School trust's sex education policy 'from the Dark Ages'

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The East Midlands Academy Trust removed the sex education policy from its website after queries from the Local Democracy Reporting Service

A sex education policy which appeared on an academy trust's website has been criticised as "explicitly homophobic".

A bisexual teacher, who saw the policy on the East Midlands Academy Trust's website when considering applying for a job, said it was from the "Dark Ages".

The Trust said the section, which said it "will not permit the promotion of homosexuality or bisexuality," was old.

It was removed from its website after it was queried by the Local Democracy Reporting Service.

Section 11 of the trust's relationships and sex education policy, headed "homosexuality", said the trust recognised the "need to provide education related to the spread of HIV/AIDS which will, of necessity, include reference to homosexuals and bisexuals".

At 11.2 it added that "the trust will not permit the promotion of homosexuality or bisexuality."

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Image caption,
A new sex education policy will be presented to the East Midlands Academy Trust's Board in April

The teacher, who did not want to be named, said it was a throwback to Section 28 legislation, which banned schools in the late 1980s through to the early 2000s from "promoting" homosexuality.

It was widely condemned and repealed in 2003. In 2009, then Prime Minister David Cameron apologised for the policy.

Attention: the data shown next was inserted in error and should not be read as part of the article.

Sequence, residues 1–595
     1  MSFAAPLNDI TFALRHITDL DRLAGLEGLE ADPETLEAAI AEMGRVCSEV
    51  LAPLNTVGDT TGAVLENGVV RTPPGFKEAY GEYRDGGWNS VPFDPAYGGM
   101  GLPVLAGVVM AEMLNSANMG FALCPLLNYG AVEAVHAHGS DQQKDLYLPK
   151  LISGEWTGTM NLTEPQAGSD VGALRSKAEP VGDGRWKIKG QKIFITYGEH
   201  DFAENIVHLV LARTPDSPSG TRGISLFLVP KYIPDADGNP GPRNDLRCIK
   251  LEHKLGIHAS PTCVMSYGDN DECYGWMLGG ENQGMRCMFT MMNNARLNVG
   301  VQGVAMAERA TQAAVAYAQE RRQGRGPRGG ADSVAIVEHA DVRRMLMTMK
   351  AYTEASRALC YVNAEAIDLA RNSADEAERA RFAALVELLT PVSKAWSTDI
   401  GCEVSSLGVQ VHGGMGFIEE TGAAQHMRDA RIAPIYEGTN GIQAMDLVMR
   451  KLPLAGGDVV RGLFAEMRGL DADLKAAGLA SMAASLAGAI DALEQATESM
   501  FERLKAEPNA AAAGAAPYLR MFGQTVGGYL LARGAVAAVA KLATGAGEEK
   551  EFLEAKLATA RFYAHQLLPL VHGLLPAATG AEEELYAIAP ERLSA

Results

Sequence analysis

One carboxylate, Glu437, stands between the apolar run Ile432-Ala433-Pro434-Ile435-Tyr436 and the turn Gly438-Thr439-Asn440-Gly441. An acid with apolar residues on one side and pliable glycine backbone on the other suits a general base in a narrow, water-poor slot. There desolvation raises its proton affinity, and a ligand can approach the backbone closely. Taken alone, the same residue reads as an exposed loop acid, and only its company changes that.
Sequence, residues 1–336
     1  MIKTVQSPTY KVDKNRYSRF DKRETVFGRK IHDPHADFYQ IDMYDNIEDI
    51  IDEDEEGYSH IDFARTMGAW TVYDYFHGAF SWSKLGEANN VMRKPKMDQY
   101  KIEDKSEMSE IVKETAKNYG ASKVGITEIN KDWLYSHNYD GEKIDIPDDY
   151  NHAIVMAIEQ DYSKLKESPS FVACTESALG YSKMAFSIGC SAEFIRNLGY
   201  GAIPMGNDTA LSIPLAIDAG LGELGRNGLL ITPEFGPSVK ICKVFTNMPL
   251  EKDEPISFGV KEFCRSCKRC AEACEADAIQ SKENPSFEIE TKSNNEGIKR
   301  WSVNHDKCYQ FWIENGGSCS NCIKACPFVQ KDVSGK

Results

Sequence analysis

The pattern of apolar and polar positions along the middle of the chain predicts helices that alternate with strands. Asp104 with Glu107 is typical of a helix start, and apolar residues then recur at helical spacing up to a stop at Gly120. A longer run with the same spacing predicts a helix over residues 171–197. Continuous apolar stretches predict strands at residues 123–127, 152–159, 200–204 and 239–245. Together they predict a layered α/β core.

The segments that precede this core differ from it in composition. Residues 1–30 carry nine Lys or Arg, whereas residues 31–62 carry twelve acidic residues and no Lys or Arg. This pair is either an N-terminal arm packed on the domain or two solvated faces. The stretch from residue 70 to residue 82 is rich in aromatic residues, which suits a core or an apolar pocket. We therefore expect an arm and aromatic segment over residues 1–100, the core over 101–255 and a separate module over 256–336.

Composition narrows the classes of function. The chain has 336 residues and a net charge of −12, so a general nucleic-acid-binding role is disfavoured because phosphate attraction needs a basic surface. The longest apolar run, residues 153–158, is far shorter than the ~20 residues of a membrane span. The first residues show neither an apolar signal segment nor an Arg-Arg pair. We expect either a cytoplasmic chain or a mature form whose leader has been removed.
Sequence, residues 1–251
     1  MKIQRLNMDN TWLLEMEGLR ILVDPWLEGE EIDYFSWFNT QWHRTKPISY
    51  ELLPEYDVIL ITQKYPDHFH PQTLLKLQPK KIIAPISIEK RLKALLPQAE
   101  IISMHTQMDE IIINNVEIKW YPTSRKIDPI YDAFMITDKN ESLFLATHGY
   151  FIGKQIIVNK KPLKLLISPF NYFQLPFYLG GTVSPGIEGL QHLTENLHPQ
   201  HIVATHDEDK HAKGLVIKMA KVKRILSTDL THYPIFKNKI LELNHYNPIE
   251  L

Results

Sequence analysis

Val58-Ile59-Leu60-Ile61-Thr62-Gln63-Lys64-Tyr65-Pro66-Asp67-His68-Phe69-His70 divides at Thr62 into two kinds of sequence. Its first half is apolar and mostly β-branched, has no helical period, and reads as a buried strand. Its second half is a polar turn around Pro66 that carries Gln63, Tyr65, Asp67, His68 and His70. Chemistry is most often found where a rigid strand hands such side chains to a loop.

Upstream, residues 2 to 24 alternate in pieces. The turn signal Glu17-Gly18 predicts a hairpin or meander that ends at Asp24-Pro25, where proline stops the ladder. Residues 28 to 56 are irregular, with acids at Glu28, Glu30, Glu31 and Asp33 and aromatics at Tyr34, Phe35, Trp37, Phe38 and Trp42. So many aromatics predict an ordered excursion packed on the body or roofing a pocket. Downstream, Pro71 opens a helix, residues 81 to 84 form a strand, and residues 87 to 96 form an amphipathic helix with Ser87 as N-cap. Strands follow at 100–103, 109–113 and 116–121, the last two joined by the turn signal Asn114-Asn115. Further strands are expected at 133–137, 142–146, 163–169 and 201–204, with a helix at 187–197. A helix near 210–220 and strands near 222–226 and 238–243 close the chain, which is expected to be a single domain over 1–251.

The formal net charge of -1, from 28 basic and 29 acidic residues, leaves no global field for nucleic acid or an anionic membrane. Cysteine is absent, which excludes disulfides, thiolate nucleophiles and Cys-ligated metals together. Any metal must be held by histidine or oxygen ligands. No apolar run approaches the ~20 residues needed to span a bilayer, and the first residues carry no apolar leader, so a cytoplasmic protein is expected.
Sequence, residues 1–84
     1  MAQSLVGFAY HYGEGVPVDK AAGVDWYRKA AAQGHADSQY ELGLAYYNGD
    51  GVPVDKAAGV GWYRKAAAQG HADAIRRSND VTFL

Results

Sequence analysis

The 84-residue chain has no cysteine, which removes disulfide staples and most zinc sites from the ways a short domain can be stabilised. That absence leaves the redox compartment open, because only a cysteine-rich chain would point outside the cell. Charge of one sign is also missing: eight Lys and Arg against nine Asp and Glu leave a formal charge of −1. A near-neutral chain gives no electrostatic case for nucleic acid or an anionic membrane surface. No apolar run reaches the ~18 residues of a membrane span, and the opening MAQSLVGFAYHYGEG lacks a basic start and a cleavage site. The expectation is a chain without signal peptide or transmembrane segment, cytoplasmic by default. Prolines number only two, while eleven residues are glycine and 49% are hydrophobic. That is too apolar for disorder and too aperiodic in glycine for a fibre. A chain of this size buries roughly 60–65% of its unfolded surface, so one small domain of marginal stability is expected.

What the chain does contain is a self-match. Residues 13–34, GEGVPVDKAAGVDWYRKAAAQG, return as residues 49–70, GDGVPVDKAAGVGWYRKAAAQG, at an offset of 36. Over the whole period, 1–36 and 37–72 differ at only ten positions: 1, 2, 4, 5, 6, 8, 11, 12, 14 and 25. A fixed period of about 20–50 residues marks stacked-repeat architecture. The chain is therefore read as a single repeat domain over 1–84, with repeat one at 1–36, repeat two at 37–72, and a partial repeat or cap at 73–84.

To use similar language now was "at worst deliberate, and at best deeply ignorant", said the teacher, who described it as like something from the "Dark Ages".

"It is explicitly homophobic and it is difficult to read it any other way. I was considering applying for a job until I saw the policy which made it clear that this was not a school for me. I just feel like Section 28 is not dead. It is alive and well in Northamptonshire."

The trust, which runs Prince William School in Oundle and the Northampton International Academy, said the "old" policy had been developed "under the existing Department for Education guidance from 2000". It said the policy had been reviewed and a new version would be presented to its board in April.

"As a trust, we strongly believe in equality of opportunity for every pupil and teacher across our schools," a spokesman said.

"The relationships and sex education delivered within our schools is fully inclusive."

A Department for Education spokesman said all secondary schools must have regard to the new Relationships Education, Relationships and Sex Education and Health Education statutory guidance from September.

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